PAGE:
DH gets this a lot because his name is very Indian.  When they ask where he is from he says, "Chicago."  If they then say, "no, where are you froooooooooooom?"  He replies, "my ancestors are from India and Ireland. I grew up in Chicago" or "My Dad is from India" or something like that.  

*or wherever you grew up.

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whiterose

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Re: Deflecting hometown questions...
« Reply #5 on: December 06, 2009, 04:57:09 PM »
I moved to Florida when I was 17. Too late for me to lose the accent naturally. I do state my hometown as "Pigsburg, FL" (this pseudonym is based on the city's actual nickname) on social networking sites- after all, my parents still reside there. I do state that I am from the northern part of the state/Pigsburg/Cowsburg (which is true), BUT people keep persisting due to my accent and are not content till I tell them that I come from Lavenderland. Sometimes they are satisfied, sometimes they point out that the accent does not correspond, sometimes they go for the questions about it, sometimes they go straight for the pigeonholing or stereotyping.
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gollymolly2

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Re: Deflecting hometown questions...
« Reply #6 on: December 06, 2009, 05:51:11 PM »
I would say "I was born in [town] but I consider Pigstown, Florida home, what about you?"

Being weirdly defensive draws a lot more attention to it than just stating it and moving on. And there's a good chance that people don't think it's as big a deal as you do.

HorseFreak

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Re: Deflecting hometown questions...
« Reply #7 on: December 06, 2009, 06:05:25 PM »
To be honest, if I was on a date and he said, "I'll tell you when we know each other better," I'd be thinking there's something serious that he's hiding (crime, for example). Being secretive, as others have said above, makes it much bigger deal than you want it to be and may result in fewer second dates.

whiterose

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Re: Deflecting hometown questions...
« Reply #8 on: December 06, 2009, 06:37:43 PM »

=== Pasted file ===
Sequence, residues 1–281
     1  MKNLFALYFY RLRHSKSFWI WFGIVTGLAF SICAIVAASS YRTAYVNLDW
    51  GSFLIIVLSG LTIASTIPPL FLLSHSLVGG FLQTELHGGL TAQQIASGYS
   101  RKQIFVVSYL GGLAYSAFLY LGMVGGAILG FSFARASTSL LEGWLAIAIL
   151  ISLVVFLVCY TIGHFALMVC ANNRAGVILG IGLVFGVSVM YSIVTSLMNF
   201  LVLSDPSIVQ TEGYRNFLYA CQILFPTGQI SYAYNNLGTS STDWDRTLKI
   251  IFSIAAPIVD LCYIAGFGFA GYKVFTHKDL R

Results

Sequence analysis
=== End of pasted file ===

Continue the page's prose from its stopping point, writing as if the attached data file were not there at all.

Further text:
So being secretive is not the best way to deal with it then.

I just do not want something like this to happen again:

Guy and I meet at a photoshoot. He thinks my accent is Russian. I tell him the truth about my background. We go on 3 dates that go great. My hometown and ethnic background are not mentioned at all! Then on 4th date, he is not in the best of moods. He apologizes for the attitude. It comes up that I do not get angry easily. He says that he can see me as having buttons that can be pushed. I say yes, but that overall I have a long fuse. He then replies:

"I have never met a Lavender woman with a long fuse".

Owch.

Or like this (ok, so this is to a lesser extent).

Guy and I go out for lunch and he asks me where I am from. I tell him. He says "cool". We go into the specifics a bit since one parent is from one country and another one from another hence my accent is not what you'd expect. But not much is said. We talk more about video games and music and the sort.

Yet at the beginning of the second date, while we are on the way to the mall, he asks one too many questions about when I moved here, about which parent was what, and had a bit of trouble getting everything straight. But he asked a bit too much about it- as if it were no longer "cool" and as if he may have had an issue with it. This was the second and last date :(

It is not the easiest pill to swallow due to reputation- hence I wonder if being secretive may have been better. If it added mystery and mystique and thus allure. But I see this is not the case.
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Veronica

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Re: Deflecting hometown questions...
« Reply #9 on: December 06, 2009, 06:40:43 PM »
Hey, at least you were able to weed them out early!  Honestly, would you really want to be with someone who judged you based on this? 

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Hanna

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Re: Deflecting hometown questions...
« Reply #10 on: December 06, 2009, 07:23:09 PM »
Try "It's not a topic I relish. Perhaps another time." Then change the subject.

I have to confess that the previous comments you've made in other threads about your origins have always made me more curious rather than less so.

kareng57

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Re: Deflecting hometown questions...
« Reply #11 on: December 06, 2009, 08:12:40 PM »